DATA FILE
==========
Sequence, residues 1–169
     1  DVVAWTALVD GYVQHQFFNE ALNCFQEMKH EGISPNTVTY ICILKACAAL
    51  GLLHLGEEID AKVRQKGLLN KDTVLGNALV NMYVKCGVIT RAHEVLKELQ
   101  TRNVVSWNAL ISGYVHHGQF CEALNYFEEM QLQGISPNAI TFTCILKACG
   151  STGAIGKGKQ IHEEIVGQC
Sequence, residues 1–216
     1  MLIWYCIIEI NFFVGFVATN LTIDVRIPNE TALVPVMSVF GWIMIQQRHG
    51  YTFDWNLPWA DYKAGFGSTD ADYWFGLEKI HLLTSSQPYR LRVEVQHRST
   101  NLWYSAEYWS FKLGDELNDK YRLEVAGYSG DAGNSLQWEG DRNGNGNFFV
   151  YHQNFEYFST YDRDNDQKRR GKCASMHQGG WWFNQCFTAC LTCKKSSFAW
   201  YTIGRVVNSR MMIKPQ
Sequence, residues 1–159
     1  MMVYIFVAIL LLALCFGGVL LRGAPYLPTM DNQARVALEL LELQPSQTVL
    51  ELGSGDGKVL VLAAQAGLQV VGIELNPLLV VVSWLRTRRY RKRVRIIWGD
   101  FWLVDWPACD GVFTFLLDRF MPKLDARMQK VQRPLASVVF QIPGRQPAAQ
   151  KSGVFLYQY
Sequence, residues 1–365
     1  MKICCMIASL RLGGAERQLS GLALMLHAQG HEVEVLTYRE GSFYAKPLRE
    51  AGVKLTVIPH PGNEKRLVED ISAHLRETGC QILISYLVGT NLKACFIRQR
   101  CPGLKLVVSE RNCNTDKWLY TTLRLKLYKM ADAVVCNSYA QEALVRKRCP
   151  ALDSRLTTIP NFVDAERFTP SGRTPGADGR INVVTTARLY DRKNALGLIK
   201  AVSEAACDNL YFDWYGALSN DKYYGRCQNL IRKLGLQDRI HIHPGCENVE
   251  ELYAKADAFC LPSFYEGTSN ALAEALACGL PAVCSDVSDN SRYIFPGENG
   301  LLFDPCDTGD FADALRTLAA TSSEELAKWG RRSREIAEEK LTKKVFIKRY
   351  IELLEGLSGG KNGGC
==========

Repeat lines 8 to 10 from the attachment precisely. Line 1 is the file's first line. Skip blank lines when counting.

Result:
    51  YTFDWNLPWA DYKAGFGSTD ADYWFGLEKI HLLTSSQPYR LRVEVQHRST
   101  NLWYSAEYWS FKLGDELNDK YRLEVAGYSG DAGNSLQWEG DRNGNGNFFV
   151  YHQNFEYFST YDRDNDQKRR GKCASMHQGG WWFNQCFTAC LTCKKSSFAW